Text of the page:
How will the Scottish Referendum effect the stock market?
I’m sure like us, most investors will be concerned about the effect of the Scottish referendum on the stock market. It’s something we’ve given a lot of thought to. In this article we will be discussing how the Scottish Referendum could effect the stock market and what actions we have taken/will take ourselves.
For a long time the opinion polls seemed like a No vote in the Scottish Referendum was a no brainer, but in recent weeks the gap has narrowed and it has been virtually 50:50 all week. With many undecided voters still, the prospect of a Scotland-less Great Britain is looking like a real possibility and the markets have reacted to the uncertainty with fear, as in fact it does to uncertainty over anything.
Of course lets get the political part of the article out of the way with. All politically sensitive people look away for this bit:
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Not that my opinion matters but a) I am all for the Scots voting for independence but b) I think it’s potentially catastrophic for both them and for the rest of the UK. I certainly think it might be something they come to regret and that the rosy picture being painted by Alex Salmond is very far from what the true outcome will be. I think people in Scotland will be far worse off if the independence goes through and they have no idea what they are getting themselves into. It doesnt seem to matter how many well qualified people in finance and industry explain it to them, the Yes voters cant seem to understand that they have their numbers all wrong and that many areas of Scottish life will be poorer for being independent.
So why do I want to see the Scottish vote yes for independence? Well the answer is two fold. Firstly I actually think in the long term the rest of Britain is better off without them. The unbelievably sycophancy being shown to the Scots by the UK political parties is frankly turning my stomach, they are literally bending over backwards to keep them in the Union and offer them increased powers and money that is in no way fair to the rest of Britain. As it is the Scottish get a more favourable deal, I dont see why we should reward them for essentially trying to screw over and turn their back on the rest of the UK. Plus Scotland is a very socialist country, largely dependent on welfare whereas England is far more capitalistic and promoting of self reliance overall (though not without more than our fair share of scroungers ourselves). With such vastly different values the two parts are not that compatible as a whole. Socialism doesnt work, that’s why every time we get a Labour government they screw things up. We’re still paying the price of the last Labour government and have only now just about shaken off the recession they caused, just about in time for us to probably vote Labour back in again next year like the bunch of sado-masochists we are.. Self reliance, self motivation, and hard work is what makes people get on in life and that’s the value set that best serves Great Britain, if we could only just realise that we’d all be a lot better off.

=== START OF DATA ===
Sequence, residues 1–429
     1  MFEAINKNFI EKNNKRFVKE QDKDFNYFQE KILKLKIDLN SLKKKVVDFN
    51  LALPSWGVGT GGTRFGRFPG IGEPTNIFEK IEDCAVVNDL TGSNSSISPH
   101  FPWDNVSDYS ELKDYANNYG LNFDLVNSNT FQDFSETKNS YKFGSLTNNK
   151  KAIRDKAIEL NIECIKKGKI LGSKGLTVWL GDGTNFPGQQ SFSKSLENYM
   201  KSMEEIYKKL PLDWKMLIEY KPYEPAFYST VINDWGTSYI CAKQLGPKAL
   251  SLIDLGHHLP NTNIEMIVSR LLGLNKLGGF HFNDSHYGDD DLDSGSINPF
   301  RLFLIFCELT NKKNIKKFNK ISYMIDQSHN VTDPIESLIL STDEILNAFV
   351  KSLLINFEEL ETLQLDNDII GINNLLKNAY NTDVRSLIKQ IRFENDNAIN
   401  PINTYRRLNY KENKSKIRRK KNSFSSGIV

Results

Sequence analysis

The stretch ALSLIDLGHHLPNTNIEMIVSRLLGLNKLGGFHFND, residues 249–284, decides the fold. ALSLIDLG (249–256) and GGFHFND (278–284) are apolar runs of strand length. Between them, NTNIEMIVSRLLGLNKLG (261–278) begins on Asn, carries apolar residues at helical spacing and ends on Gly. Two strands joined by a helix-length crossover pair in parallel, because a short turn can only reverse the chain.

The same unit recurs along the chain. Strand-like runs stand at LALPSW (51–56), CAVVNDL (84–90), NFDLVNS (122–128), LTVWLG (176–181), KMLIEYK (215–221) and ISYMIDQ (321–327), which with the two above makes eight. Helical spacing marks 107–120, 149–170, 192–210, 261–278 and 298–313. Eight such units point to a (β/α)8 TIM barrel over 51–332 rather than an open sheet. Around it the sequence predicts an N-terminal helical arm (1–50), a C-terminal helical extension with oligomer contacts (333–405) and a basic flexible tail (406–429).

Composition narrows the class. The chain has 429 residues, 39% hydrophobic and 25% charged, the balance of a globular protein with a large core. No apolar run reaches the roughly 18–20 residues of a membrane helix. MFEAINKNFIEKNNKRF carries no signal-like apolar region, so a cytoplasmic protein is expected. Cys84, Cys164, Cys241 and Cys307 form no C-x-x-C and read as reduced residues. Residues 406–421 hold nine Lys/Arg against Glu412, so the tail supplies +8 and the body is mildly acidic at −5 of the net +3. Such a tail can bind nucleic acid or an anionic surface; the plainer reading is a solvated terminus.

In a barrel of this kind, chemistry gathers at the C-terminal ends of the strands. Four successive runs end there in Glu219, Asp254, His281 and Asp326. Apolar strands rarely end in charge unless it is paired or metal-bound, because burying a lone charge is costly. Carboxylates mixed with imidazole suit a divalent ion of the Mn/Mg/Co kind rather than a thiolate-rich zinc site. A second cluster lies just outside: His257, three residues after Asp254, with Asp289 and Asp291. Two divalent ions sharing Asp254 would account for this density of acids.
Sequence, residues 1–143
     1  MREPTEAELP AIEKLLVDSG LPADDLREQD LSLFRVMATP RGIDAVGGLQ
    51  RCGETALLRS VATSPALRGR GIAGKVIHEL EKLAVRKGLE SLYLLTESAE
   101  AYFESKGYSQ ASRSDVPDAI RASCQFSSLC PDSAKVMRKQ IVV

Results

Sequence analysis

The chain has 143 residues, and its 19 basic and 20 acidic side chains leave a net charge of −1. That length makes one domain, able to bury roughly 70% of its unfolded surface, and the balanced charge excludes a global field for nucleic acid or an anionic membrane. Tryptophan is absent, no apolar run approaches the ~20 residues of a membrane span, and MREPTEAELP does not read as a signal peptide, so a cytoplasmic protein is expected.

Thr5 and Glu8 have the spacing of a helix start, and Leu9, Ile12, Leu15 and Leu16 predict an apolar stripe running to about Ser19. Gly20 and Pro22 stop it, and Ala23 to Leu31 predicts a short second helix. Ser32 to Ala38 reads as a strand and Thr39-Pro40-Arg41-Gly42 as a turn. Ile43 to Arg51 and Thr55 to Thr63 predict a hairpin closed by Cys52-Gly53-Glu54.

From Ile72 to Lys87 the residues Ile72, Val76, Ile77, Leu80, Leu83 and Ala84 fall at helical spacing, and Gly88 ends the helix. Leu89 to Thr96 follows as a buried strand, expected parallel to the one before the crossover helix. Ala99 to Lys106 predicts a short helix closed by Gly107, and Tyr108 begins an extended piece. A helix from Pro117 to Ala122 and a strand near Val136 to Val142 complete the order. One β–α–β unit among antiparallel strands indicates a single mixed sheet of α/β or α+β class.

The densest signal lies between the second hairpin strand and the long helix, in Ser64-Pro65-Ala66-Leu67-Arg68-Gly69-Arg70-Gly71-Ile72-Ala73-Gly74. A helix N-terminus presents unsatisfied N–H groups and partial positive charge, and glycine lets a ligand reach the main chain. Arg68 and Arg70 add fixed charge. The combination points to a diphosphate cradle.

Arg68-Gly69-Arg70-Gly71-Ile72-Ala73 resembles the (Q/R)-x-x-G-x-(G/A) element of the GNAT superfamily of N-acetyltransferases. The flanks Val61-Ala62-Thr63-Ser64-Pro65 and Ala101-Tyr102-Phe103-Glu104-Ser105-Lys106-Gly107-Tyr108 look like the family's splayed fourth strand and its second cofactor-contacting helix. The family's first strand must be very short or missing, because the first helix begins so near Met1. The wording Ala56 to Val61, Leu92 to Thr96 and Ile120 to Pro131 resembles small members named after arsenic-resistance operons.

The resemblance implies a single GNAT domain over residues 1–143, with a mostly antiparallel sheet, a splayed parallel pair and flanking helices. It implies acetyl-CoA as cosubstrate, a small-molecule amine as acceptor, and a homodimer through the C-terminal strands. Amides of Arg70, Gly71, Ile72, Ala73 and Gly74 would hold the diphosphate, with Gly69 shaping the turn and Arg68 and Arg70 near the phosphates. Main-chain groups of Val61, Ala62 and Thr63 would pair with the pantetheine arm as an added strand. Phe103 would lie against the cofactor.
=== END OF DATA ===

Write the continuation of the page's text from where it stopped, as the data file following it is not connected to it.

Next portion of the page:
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The second, and frankly more interesting reason I want the Yes vote to win the referendum is that I believe it would present a massive buying opportunity. Sounds selfish I know and if my expectations are right its likely at the expense of the Scottish people probably going through a very tough time economically but at the end of the day if independence is what they want at all costs and that’s the price to pay then it’s their own choice and frankly I dont live in Scotland so my concerns are primarily in my own country of England.